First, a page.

My first attempt at animation was disappointing.
I started on the easiest scene, or so I thought. Three blocks and a pound sign were to drop from the sky, one after another, to form a stack.
I imported the first image of a red block into Adobe Flash and successfully animating it using a motion tween which simply involves setting the object’s start and end positions and letting Adobe Flash take care of the frames in-between.
So, with my image happily moving from the top of the screen just out of the camera’s view to the bottom, where i imagined the ground would be, surely my task was complete? Well, not quite. The problem was that although the image of a block did unmistakably progress down the screen there was nothing remotely natural about its motion. It just didn’t look like it was really falling. Falling objects don’t move at a steady rate, and they don’t just stop dead when they hit the ground. They accelerate from when they are released until they reach terminal velocity or hit the ground, whichever comes first. Here’s a video I took of a 10cm Angry Bird being dropped 80cm onto a hard wooden floor to illustrate:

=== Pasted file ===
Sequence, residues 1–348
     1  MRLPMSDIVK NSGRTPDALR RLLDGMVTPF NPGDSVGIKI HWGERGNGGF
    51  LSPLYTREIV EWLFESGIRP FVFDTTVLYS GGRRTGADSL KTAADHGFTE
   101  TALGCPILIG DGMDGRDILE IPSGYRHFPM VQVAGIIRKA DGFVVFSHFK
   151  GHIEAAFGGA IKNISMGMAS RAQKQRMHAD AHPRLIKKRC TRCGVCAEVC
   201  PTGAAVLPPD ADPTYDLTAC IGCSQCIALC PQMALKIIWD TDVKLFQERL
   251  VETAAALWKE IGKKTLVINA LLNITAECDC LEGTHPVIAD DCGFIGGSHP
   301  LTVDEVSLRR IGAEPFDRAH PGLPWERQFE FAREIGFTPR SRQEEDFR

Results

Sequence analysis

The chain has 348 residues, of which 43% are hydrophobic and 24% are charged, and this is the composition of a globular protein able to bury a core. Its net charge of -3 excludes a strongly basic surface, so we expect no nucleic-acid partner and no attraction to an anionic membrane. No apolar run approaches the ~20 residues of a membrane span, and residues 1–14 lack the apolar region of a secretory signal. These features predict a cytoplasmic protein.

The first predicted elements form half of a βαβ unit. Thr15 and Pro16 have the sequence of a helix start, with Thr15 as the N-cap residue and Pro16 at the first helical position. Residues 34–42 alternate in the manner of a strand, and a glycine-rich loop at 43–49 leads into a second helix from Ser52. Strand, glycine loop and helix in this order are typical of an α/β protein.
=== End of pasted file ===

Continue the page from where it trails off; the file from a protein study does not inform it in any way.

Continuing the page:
When we look at the movement in slow motion this effect becomes obvious:
I’ve annotated each frame with a measure, split into 10cm sections, to allow the acceleration of the bird to be clearly seen. It takes almost four frames (133ms) to clear the first 10cm marker but less than two frames (67ms) to clear the next one. When the ball hits the ground it abruptly stops, reverses direction and accelerates upwards, slowing as gravity exerts itself until gravity wins and the bird returns to the floor to bounce again. With each bounce, some energy is lost which causes the next bounce to be lower. This continues until there is no energy left and the bird comes to a rest. Different objects will have a different elasticity, and lose a different amount of energy on each bounce, but they all follow this general pattern:
With this knowledge, I modified my motion tween in the motion editor by adding a custom ease that mirrored the movement of the bird and applied this to the motion of the Y-axis:
This results in a more natural motion:
Below, you can see the result in the finished video. I had to suppress the bounce a little to fit in with the timing of the audio but you should still see a small but noticeable effect.
In my next post I’ll discuss another technique I picked up which helps enhance the bounce effect further.